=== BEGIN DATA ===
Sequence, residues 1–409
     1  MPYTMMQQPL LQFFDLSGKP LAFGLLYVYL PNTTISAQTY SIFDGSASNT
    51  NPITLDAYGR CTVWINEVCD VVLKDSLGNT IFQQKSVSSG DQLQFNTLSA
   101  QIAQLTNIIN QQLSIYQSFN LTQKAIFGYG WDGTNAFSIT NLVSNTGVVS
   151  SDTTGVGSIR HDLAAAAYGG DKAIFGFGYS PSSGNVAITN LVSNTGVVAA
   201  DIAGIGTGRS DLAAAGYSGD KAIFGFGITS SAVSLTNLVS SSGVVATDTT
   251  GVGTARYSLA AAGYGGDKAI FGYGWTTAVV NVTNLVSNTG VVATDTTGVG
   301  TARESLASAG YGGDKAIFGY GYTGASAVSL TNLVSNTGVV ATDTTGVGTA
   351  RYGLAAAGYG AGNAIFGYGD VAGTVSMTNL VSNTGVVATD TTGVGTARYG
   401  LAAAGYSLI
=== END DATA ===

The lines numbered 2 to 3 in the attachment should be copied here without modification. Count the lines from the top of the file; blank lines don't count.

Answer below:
     1  MPYTMMQQPL LQFFDLSGKP LAFGLLYVYL PNTTISAQTY SIFDGSASNT
    51  NPITLDAYGR CTVWINEVCD VVLKDSLGNT IFQQKSVSSG DQLQFNTLSA